Developer experiences from the trenches

Developer experiences from the trenches

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How To Crash With Kubernetes and Go

Sat 23 February 2019 by Michael Labbe
tags code 

Kubernetes is so good at maintaining a user-facing veneer of a stable service that you might not even know that you are periodically crashing until you set up log aggregation and do a keyword search for panic. You can miss crash cues because pods spin up so transparently.

Okay, so your application can crash. You are using Go. What can you do about it? In practice, here are the steps we have found useful:

  1. Log your panic record into a single log line so it can be tracked.
  2. If a panic occurred while serving a RESTful request, return 500 to prevent client timeout while continuing to serve others.
  3. Handle panic-inducing signals such as SIGSEGV gracefully.
  4. Handle Kubernetes pod pre-shutdown SIGTERM messages.


Panic-inducing Signals

If you write a C program and do not explicitly handle SIGSEGV with signal(2), the receipt of SIGSEGV terminates the offending thread.

Go is different from C. Go’s runtime has a default panic handler that catches these signals and turns them into a panic. Defer, Panic and Recover on the official blog covers the basic mechanism.

SIGSEGV (“segmentation violation”) is the most common one. Go will happily compile this SIGSEGV-generating code:

var diebad *int
*diebad++       // oh, no

The full list of panic reasons is described in the official panic.go source.

Non-Panic Inducing Signals

Not every signal produces a Go panic — not by a long shot. Linux has over 50 signals. Version 7 had 15 different signals; SVR4 and 4.4BSD both have 31 different signals. Signals are a kernel interface exposed in userspace, and a primary means for processes to contend with their role in the larger operating system.

Let’s go over the non-panic inducing signals and discuss what they mean to our Kubernetes-driven Go program:

Handling Panics in Go

We’ve established that crashing signals in Go are received by its runtime panic handler, and that we want to override this behaviour to provide our own logging, stack tracing, and http response to a calling client.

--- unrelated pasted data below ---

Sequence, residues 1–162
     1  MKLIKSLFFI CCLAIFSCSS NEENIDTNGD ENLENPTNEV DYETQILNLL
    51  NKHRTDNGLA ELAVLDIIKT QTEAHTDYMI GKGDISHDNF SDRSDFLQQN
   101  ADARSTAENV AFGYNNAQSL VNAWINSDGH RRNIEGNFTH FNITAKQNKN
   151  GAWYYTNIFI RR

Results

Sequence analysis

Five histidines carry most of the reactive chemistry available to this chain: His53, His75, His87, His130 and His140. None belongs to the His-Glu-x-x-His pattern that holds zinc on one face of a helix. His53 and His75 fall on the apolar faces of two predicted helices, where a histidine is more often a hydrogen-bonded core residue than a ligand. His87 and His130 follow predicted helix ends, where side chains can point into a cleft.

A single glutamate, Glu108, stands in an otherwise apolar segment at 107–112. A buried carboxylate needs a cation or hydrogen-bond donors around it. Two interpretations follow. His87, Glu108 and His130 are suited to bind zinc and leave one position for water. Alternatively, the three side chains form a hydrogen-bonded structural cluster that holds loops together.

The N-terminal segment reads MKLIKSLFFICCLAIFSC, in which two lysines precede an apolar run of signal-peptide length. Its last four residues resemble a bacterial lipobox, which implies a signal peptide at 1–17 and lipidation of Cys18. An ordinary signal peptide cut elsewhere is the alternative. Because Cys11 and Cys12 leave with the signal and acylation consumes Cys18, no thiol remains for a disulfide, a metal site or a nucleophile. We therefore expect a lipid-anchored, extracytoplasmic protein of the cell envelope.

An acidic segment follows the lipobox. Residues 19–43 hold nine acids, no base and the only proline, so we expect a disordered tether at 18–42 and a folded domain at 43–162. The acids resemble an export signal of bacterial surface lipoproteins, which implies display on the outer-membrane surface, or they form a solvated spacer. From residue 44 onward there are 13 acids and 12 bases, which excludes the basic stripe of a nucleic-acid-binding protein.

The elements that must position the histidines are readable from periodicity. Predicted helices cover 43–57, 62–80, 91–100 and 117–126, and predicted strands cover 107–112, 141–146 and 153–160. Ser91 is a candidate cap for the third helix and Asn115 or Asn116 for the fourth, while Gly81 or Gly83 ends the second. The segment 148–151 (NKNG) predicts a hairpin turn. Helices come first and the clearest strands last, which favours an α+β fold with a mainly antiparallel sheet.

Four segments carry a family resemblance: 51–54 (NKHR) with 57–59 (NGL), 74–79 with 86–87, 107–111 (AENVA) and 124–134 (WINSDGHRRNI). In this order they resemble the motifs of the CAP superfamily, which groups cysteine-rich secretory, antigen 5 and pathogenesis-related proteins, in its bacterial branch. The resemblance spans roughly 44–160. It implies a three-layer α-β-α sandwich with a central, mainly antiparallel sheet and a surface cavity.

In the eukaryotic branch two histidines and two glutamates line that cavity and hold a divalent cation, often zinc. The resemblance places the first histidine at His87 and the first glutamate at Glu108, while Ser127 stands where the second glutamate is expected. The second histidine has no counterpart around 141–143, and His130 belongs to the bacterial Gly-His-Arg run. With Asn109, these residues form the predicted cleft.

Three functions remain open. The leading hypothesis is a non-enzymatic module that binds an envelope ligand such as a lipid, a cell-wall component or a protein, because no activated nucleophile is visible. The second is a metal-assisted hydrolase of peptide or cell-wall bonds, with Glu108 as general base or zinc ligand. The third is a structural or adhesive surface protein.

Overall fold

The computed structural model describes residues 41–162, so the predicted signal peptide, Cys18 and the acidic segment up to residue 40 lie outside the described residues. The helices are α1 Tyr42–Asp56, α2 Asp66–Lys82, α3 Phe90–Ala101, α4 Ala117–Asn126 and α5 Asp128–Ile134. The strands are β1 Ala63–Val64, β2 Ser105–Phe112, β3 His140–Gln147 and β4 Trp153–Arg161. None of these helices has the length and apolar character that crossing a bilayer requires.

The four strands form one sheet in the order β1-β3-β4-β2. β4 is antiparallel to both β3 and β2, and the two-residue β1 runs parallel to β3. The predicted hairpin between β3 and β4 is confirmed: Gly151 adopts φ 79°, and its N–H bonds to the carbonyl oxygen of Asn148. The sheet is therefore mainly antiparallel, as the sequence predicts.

In some environments you can globally trap exceptions. For instance, on Windows in a c++ environment you can use Structured Exception Handling to unwind the stack and perform diagnostics.

Not so in Go. We have one technique: defer. We can set up a defer function near the top of our goroutine stack that is executed if a panic occurs. When there, we can detect if a panic is currently in progress. There are a number of gotchas with this technique:

We can use the latter trait to our advantage in our web service, providing a generic panic handler that logs, and a second panic handler inside the goroutine that responds to a web request that returns 500 error to the user.

Global Panic Handler

The global panic handler is your opportunity to employ your logger to use your logger to provide all relevant crash diagnostics that occur outside of responding to an HTTP request:

// Sample code to catch panics in the main goroutine
func main() {
    defer func() {
        r := recover()
        if r == nil {
            return // no panic underway

        fmt.Printf("PanicHandler invoked because %v\n", r)

        // print debug stack


In-Request Panic Handler

Most (if not all) Go RESTful packages use a per-request Goroutine to respond to incoming requests so they can perform in parallel. The top of this stack is under package control, and so it is up to the RESTful package maintainer to provide a panic handler.

go-restful defaults to doing nothing but offers an API to trap a panic, calling your designated callback. From there, it is up to you to log diagnostics and respond to the user. Check with your RESTful package for similar handlers.

go-restful’s default panic handler (implemented in logStackOnRecover) logs the stack trace back to the caller. Don’t use it. Write your own panic handler that leverages your logging solution and does not expose internals at a crash site to a client.

Terminating Gracefully on Request

Okay, at this point we are logging crash diagnostics, but what about amicable pod termination? Kubernetes is sending SIGTERM and because we are not yet trapping it, it is causing our process to silently exit.

Consider the case of a DB connection over TCP. If our process has open TCP connections, a TCP connection sits idle until one side sends a packet. Killing the process without closing a TCP socket results in a half-open connection. Half-open connections are handled deep in your database driver and explicit disconnection is not necessary, but it is nice.

It avoids the need for application-level keepalive round trips to discover a half-open connection. Correctly closing all TCP connections ensures your database-side connection count telemetry is accurate. Further, if a starting pod initializes a large enough database connection pool in the timeout window, it may temporarily exceed your max db connections because the half-closed ones have not timed out yet!

// Sample code to trap SIGTERM
func main() 
    sigs := make(chan os.Signal, 1)
    signal.Notify(sigs, syscall.SIGTERM)

    go func() {
        // before you trapped SIGTERM your process would